#41  
Old 05-11-2020, 05:31 PM
ToddL ToddL is offline
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Originally Posted by Armus Patheticus View Post
The existence of those golf-style rangefinders slipped my mind. Are they accurate and precise? I'm accustomed to using Leica distos or similar for building and geological surveying, but it seems I'm also out of touch with their current prices which have apparently come down dramatically since I bought my tools.

I enjoy measuring and surveying but this talk about precision is really quite silly in practical disc golf terms. If I were building a new course now I'd simply step off the distances and round to the nearest ten. It's amusing to see tee signs displaying false precision when they were measured by gps or wheel.

The route that gets measured is simply not important to me, but apparently the distance on the sign plays a big part in the emotional experience for many players. Since that's true, I reckon course builders should do the kind thing and provide that information. I suspect though that some may find a course without posted distances or par to be surprisingly refreshing.
They're more than accurate enough for disc golf. For most flat holes I measure with both laser and wheel and typically end up being within 1 or 2 feet of each other. I also round all my distances to the closest 5' before printing tee signs. There's no way a person can dial in a difference of 5' on a throw, and on most holes I might get that much difference depending on the exact route I walk with the wheel or where I define the corner if using a laser.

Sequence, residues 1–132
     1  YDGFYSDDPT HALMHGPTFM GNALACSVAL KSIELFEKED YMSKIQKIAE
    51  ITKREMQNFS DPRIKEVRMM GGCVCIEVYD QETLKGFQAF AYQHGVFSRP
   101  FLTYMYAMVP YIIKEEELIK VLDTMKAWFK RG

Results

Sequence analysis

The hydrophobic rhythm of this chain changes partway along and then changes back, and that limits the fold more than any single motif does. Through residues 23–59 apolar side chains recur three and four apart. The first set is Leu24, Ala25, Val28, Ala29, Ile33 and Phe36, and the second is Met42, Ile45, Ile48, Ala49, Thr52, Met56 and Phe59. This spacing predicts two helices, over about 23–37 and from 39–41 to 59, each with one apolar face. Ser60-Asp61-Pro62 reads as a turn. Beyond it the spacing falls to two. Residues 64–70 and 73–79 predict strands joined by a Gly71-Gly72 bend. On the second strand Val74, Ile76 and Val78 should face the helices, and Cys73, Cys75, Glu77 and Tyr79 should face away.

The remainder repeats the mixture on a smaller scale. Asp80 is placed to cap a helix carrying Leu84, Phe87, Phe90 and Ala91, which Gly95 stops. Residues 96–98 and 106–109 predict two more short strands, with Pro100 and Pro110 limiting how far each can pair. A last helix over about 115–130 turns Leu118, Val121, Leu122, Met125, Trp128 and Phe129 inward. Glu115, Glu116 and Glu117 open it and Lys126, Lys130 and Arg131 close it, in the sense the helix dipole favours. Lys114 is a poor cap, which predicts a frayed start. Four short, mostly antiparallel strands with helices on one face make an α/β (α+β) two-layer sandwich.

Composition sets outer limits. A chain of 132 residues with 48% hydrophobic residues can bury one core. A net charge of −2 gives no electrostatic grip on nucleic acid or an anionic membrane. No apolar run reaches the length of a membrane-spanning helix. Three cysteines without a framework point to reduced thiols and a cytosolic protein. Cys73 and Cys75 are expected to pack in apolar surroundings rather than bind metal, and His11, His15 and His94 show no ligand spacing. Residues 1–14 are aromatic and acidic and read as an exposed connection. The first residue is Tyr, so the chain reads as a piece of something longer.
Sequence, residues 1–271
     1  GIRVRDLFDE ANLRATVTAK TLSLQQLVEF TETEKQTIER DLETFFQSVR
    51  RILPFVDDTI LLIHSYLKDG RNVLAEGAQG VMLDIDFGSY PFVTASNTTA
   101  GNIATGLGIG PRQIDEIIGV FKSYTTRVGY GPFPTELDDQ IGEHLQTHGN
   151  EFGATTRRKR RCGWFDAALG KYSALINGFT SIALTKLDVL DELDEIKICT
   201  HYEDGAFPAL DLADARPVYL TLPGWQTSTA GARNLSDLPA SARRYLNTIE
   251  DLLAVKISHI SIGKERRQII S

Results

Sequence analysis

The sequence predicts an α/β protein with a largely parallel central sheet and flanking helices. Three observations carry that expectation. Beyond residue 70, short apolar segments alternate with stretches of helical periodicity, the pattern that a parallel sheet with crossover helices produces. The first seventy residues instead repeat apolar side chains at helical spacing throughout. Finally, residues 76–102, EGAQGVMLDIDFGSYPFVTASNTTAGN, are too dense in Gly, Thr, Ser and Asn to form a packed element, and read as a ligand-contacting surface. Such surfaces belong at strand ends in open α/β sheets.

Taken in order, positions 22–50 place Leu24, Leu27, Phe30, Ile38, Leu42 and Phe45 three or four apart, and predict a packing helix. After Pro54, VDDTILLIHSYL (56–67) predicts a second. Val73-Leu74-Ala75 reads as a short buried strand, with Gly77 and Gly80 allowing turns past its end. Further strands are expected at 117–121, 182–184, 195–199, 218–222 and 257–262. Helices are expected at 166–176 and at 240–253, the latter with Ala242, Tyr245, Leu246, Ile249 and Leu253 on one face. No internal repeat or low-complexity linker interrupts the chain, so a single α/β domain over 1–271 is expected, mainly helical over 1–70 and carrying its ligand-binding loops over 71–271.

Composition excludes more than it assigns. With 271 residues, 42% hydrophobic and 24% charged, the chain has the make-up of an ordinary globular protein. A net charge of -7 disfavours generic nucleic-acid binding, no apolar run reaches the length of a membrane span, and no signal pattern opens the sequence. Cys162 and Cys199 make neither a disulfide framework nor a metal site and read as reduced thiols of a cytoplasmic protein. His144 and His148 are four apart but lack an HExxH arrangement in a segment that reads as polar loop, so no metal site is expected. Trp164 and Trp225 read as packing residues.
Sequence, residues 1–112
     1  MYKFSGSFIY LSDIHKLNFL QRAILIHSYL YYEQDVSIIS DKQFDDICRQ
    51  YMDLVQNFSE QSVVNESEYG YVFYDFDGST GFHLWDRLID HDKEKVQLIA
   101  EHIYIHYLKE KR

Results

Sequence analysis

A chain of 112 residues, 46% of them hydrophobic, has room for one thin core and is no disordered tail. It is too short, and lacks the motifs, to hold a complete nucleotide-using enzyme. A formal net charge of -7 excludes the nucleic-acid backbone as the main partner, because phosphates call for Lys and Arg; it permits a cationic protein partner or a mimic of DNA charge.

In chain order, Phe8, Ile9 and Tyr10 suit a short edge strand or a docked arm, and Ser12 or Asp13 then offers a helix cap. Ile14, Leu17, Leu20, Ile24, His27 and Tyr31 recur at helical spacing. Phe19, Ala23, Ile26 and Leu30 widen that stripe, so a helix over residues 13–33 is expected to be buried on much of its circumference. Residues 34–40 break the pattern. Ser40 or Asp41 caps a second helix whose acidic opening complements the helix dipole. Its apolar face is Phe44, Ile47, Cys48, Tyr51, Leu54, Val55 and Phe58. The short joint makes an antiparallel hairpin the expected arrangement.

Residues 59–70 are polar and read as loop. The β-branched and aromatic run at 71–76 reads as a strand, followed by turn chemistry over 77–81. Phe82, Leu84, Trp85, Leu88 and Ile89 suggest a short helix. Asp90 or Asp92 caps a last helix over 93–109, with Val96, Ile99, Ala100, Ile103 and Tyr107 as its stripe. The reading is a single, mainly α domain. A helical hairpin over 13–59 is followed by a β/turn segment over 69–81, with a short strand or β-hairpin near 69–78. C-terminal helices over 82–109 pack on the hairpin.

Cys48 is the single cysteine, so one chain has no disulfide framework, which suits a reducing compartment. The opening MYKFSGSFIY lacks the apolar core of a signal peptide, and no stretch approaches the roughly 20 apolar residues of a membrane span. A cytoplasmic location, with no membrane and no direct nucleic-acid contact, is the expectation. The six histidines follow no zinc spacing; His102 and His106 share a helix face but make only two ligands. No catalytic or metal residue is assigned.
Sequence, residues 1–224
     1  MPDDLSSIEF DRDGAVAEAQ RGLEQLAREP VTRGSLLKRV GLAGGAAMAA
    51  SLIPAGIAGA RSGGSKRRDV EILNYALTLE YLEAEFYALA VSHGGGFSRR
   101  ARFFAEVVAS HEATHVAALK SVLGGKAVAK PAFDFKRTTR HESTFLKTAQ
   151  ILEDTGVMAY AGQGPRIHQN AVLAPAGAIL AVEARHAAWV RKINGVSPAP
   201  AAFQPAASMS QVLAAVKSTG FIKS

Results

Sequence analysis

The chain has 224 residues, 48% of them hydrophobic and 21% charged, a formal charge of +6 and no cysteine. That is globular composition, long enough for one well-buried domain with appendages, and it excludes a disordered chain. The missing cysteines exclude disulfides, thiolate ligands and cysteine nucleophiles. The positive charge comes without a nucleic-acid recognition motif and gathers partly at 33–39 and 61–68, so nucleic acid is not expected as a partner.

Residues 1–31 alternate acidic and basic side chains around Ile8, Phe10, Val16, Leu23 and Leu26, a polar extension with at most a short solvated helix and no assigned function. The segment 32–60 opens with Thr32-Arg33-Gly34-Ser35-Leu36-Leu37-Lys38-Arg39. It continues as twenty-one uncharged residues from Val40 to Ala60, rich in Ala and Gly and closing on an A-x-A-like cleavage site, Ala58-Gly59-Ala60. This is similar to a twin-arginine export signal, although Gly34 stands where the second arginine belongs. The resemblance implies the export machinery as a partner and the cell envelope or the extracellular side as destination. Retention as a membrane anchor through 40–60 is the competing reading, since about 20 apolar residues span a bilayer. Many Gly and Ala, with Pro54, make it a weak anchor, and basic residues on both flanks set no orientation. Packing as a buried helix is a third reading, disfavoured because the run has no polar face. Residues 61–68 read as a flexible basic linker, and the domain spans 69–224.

If there's a dogleg you might have to have two people to run the laser - one person run up to the bend, shoot the distance from tee to person, then shoot person to basket (or use a convenient tree or something). Additionally, it's actually pretty difficult to hit the basket with the laser. It's easier to hit a person, or even a person holding a big piece of cardboard.
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  #42  
Old 05-11-2020, 06:14 PM
Rastnav Rastnav is offline
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Originally Posted by ToddL View Post
If there's a dogleg you might have to have two people to run the laser - one person run up to the bend, shoot the distance from tee to person, then shoot person to basket (or use a convenient tree or something). Additionally, it's actually pretty difficult to hit the basket with the laser. It's easier to hit a person, or even a person holding a big piece of cardboard.
If I was doing this on anything like the regular, I'd get something like this a regulation height pin flag to have someone hold at wherever you were trying to measure to. That would let the range finders with automatic pin-lock (most of the decent ones these days) help you out by making sure you are shooting to the actual object you want.

Just a thought.
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